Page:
“My father is no different than any powerful man, any man with power, like a president or senator.”
“Do you know how naive you sound, Michael? Presidents and senators don’t have men killed!”
“Oh. Who’s being naive, Kay?”
Whitey and Billy Bulger were, during the 70s and 80s, the flip side of the Massachusetts Kennedy mystique. The world knew the Kennedies; Boston knew the Bulgers, and recognized them — one politician, one gangster — as two of the most powerful men in the city.
In the early 1970s, Whitey Bulger suborned an FBI agent, John Connolly, and for the next twenty years he used the FBI to pressure his enemies and protect his friends. He was the most powerful organized crime figure in the city. During the same period, Billy Bulger was the most powerful man in the Massachusetts Senate. Governors came and went, but Bulger ran a political machine as tight as anything from Chicago.
“If anything in this life is certain, if history has taught us anything, it is that you can kill anyone.”
If I was gonna run an Angel game, which I’m not, it would be set in Boston, in 1976. The Tall Ships would be passing through town. Boston’s inner-city neighborhoods would be literally up in arms over Judge W. Arthur Garrity’s busing decision. Aerosmith would be singing "Back In The Saddle Again".
And Whitey Bulger would just have discovered that there are demons walking the earth.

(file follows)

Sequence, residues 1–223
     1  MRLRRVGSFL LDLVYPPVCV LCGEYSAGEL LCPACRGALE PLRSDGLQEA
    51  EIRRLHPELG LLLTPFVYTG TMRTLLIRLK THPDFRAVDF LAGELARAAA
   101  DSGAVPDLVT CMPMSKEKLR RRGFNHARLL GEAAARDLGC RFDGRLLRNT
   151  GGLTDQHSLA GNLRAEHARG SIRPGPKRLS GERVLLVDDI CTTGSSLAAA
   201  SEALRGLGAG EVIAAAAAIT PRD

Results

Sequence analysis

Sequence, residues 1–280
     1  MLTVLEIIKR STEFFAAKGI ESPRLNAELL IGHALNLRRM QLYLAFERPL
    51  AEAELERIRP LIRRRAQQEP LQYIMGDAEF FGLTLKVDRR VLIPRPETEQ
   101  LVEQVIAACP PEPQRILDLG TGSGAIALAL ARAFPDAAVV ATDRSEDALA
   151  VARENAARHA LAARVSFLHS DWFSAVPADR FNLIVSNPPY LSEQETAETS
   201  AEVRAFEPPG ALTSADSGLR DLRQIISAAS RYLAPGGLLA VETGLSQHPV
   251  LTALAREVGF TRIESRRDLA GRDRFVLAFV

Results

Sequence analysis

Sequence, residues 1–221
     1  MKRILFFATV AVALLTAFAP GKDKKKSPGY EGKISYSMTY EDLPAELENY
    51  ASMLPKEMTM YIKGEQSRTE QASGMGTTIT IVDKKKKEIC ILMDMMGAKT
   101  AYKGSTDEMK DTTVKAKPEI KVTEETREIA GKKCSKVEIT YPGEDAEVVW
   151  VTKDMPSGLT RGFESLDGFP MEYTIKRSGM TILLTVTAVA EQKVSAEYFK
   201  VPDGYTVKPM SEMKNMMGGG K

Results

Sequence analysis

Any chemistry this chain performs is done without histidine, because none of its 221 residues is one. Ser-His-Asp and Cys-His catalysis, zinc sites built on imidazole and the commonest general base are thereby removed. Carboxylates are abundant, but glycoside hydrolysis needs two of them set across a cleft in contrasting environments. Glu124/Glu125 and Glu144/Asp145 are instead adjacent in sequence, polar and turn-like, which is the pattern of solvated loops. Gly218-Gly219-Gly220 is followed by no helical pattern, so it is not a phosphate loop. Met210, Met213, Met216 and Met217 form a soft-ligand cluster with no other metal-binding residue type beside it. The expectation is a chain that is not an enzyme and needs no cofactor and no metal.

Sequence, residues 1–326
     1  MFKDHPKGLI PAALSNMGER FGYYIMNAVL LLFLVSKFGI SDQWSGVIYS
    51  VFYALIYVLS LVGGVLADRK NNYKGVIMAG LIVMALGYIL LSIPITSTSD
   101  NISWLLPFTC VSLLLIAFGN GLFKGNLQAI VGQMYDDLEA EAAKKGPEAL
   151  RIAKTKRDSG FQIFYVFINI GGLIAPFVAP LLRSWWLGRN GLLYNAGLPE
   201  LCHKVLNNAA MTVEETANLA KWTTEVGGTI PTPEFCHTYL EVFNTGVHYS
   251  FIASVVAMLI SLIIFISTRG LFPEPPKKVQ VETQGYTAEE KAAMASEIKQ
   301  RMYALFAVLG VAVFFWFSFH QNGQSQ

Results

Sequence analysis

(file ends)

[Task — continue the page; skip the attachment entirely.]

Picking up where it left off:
“I don’t feel I have to wipe everybody out, Tom. Just my enemies.”
Whitey, in our world, was a criminal and by all accounts not a very nice man. I wouldn’t change that, but even a hardened killer like Whitey might well object to demons infesting his city: infesting his treasured Boston. So I wouldn’t make him anything that he wasn’t. He’d still be a criminal, he’d still be a killer, and he’d still have John Connolly under his thumb.
But he would also have a hand-picked team of South Boston hard boys, specially tasked with hunting and killing demons and vampires and anything else that doesn’t belong in a good Catholic town like Boston. They’d have all the money he could funnel them; they’d have the FBI winking at them; they’d have the tools you only have when you’re working outside the law with impunity. They don’t get to call on extra gunmen, because they’re supposed to be the best of the best, and the kinds of people they need to be don’t ask for help just because a few demons punked them out. They’d be bad men, just like Whitey, and just like Whitey they’d be bad men fighting for a good cause. They, of course, are the PCs.
“I want someone good, I mean very good, to plant that gun. I don’t want my brother coming out of the bathroom with just his dick in his hands.”
Meanwhile, Billy’s covering for the PCs and their boss on the other side. He’s not running things quite yet, and his political strength only goes so far, but he’s got his uses. If an ancient Indian graveyard really needs to be redeveloped to deprive some demons of a breeding ground, he can make that happen. Billy thinks his brother is nuts but he’s not going to turn his back on family. The quid pro quo? Sometimes they have to do some political jobs, leaning on a Congressman, that sort of thing. Sometimes a job serves both masters.
It’s a hard life and a dangerous one, but you know — when you get right down to it, you’re killing Satan’s creatures. You can’t fight the government and nobody’s figured out how to shoot inflation in the nuts. There’re lines at the gas station a mile long, and you can’t do much about that either. Demons, though, can be killed.
Welcome to Boston. It’s a messed up shithole, but at least someone’s keeping it safe.